Anti-Arab sentiment in Israel

Eli Ungar-Sargon writes:

Over the past three years, my wife Pennie and I have been working on a documentary film about the Israeli-Palestinian conflict. During our second production trip to the region, one of the many remarkable people we encountered was Uri Davis. He is one of a handful of Israelis who has built a life for himself among the Palestinians of the West Bank. This made him a very interesting subject for our film, which examines the practical and moral failings of the two-state solution.

During our interview with Davis, one of the questions we asked was whether he had encountered any anti-Semitism in the West Bank. The question was motivated by a desire on our part to address a narrative — prevalent among American and Israeli Jews — which claims that anti-Semitism is an obvious feature of Palestinian culture.

As these two groups are an important part of our target audience, we felt that it was our responsibility to address this perception. Who better to ask about the veracity of this narrative than a Jew living among Palestinians? Davis answered by saying that although Palestinian anti-Semitism does exist, it is a marginal phenomenon, while anti-Arab sentiment among Israelis is a mainstream phenomenon. Shortly after the interview, it occurred to us that we could either substantiate or disprove Davis’s provocative statement with our cameras.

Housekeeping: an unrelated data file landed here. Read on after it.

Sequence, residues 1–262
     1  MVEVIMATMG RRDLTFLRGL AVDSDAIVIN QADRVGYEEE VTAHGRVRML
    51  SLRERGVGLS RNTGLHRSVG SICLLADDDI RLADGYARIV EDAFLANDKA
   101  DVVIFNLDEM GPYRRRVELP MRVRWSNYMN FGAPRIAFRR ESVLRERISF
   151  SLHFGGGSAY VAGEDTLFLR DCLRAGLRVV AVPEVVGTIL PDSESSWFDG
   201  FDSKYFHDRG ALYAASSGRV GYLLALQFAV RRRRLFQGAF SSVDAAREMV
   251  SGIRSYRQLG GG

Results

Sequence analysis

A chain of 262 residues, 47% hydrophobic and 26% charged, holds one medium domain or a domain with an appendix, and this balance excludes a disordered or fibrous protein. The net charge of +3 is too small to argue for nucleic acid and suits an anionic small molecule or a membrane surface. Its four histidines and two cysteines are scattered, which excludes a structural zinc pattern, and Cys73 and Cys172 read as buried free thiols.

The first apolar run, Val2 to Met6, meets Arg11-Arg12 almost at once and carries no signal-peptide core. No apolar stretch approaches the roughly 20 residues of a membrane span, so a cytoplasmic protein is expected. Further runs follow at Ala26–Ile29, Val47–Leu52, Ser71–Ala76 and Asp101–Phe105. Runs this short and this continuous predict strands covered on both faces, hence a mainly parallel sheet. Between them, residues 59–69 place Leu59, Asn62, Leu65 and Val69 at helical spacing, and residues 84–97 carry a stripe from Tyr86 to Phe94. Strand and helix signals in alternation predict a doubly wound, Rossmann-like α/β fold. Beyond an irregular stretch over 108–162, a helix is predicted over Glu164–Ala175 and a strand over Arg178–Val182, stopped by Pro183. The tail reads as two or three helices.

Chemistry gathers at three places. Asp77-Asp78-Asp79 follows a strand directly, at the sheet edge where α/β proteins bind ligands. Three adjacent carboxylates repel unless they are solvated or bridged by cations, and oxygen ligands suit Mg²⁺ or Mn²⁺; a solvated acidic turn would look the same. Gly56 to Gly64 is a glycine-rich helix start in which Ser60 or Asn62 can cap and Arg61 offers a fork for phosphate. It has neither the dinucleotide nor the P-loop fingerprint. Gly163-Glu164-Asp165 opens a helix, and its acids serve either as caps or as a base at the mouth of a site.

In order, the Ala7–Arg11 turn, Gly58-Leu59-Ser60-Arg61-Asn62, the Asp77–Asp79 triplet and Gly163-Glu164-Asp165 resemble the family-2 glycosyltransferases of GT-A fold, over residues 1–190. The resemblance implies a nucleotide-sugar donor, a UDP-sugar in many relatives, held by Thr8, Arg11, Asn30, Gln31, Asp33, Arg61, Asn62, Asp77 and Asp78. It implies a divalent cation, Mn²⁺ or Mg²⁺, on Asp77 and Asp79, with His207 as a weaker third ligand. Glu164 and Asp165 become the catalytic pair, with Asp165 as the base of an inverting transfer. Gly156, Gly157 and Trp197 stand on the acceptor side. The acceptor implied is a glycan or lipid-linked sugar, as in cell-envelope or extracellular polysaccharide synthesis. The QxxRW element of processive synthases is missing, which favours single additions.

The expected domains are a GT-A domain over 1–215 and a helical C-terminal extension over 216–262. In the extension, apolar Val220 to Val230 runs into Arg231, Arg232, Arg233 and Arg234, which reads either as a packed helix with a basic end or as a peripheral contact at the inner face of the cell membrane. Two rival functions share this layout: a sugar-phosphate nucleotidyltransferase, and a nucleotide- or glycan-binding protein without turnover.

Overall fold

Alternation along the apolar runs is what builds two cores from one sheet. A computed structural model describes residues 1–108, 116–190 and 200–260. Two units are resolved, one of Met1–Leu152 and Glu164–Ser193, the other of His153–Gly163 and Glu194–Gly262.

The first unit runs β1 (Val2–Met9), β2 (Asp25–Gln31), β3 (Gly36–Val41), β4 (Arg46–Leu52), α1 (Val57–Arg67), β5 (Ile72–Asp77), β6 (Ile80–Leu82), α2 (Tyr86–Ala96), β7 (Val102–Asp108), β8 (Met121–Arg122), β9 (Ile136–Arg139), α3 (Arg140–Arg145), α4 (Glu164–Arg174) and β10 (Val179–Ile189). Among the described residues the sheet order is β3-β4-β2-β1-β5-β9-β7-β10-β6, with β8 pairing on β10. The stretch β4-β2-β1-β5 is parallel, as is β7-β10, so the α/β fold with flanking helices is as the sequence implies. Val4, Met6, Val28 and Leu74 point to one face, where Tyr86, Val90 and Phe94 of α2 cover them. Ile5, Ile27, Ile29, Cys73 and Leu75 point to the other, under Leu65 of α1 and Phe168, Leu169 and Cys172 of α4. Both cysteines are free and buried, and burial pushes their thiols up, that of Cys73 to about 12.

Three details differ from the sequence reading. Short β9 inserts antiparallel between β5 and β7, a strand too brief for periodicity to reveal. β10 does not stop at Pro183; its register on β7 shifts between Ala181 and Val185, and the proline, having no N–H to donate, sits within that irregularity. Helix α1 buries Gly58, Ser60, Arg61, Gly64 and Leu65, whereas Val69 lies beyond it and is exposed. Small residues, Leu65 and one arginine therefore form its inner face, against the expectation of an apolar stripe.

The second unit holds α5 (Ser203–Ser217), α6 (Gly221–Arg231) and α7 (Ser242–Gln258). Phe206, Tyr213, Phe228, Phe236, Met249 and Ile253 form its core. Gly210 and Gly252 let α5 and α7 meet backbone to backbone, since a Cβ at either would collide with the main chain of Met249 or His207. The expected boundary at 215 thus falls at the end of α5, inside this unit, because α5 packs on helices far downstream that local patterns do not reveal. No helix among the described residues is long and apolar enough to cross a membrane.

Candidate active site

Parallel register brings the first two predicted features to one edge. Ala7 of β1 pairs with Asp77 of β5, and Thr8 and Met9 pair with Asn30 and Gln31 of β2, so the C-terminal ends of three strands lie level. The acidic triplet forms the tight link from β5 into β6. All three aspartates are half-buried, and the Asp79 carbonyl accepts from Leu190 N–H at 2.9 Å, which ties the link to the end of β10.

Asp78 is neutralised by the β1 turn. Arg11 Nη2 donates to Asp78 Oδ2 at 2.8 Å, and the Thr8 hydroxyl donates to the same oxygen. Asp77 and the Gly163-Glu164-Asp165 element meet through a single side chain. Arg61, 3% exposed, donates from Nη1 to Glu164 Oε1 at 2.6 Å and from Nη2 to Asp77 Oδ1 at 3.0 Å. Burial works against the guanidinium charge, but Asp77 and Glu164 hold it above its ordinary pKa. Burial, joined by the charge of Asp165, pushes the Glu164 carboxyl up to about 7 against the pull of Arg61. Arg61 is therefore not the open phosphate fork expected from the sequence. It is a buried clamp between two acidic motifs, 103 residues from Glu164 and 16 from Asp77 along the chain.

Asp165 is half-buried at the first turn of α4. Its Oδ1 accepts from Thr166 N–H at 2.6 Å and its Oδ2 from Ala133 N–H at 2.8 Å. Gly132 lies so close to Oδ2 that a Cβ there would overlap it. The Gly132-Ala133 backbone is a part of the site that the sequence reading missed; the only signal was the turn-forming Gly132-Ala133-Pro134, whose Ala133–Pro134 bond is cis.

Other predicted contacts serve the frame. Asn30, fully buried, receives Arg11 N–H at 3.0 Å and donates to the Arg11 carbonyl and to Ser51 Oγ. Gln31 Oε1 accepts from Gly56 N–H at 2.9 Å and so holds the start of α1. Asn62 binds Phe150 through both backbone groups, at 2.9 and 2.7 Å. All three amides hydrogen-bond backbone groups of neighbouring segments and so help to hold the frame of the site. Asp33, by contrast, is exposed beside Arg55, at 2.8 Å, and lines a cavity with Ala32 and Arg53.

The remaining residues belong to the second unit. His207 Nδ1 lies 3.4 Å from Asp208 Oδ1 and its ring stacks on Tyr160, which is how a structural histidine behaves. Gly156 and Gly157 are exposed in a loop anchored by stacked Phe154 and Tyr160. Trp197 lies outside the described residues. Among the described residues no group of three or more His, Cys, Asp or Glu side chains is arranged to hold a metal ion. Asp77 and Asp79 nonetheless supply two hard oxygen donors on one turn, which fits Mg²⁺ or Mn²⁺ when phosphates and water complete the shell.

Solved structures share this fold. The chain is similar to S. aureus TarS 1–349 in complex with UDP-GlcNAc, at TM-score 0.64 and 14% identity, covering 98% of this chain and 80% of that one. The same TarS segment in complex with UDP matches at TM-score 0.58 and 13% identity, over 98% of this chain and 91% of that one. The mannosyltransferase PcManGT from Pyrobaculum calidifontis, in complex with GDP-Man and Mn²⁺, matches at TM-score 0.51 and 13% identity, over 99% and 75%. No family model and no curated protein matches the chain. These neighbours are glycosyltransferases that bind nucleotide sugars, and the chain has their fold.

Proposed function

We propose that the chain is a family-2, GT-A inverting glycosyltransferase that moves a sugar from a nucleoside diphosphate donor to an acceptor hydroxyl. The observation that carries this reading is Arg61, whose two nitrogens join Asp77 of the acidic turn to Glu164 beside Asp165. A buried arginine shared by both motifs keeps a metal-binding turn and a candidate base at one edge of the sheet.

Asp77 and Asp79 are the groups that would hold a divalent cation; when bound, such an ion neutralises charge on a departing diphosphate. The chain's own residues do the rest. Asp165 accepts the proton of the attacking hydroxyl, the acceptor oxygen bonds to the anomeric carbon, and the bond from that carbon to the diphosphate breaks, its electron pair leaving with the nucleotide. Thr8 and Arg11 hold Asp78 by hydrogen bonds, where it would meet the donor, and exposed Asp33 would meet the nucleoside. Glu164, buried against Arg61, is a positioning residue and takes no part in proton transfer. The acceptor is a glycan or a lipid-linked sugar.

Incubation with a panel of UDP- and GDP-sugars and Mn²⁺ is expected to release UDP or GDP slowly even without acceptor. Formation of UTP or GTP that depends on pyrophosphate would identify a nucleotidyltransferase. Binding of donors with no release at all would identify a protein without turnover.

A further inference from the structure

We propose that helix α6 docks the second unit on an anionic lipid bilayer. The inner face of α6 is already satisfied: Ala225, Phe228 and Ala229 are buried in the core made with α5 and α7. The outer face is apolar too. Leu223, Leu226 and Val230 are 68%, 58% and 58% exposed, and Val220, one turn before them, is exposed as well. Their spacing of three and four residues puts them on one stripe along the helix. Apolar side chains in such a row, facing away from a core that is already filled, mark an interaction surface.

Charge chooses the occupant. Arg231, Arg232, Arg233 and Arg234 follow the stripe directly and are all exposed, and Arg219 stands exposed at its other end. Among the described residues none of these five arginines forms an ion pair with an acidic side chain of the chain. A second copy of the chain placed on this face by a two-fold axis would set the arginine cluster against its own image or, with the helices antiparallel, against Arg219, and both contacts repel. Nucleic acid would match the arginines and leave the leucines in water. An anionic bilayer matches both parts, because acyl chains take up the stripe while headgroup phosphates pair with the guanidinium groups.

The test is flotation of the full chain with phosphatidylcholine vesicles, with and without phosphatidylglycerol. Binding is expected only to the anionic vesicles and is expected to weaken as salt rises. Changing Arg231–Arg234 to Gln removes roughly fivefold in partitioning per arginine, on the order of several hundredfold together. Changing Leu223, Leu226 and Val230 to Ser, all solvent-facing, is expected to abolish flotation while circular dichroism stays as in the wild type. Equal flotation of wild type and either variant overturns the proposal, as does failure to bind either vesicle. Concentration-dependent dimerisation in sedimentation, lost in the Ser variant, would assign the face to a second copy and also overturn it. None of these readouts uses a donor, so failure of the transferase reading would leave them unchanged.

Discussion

Trailer for the upcoming documentary “A People Without a Land”:

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1 thought on “Anti-Arab sentiment in Israel

  1. Norman

    How ironic this is today. The Jews left Palestine way back when, then in 1948 came back, establishing with the British blessing, the state of Israel. Stealing would be a good name for what they did, expelling the Palestinians in the process. They haven’t stopped stealing the lands to this very day. All along the route, they have used the race/guilt card to anyone who questioned their intent. Somehow, they got control of the U.S. Government and enjoyed such as a back up to commit what today is no different than what they endured through the ages in Europe. Apartheid, the walls, ethnic cleansing, iron fist control, all the while whining that they are the underdogs.

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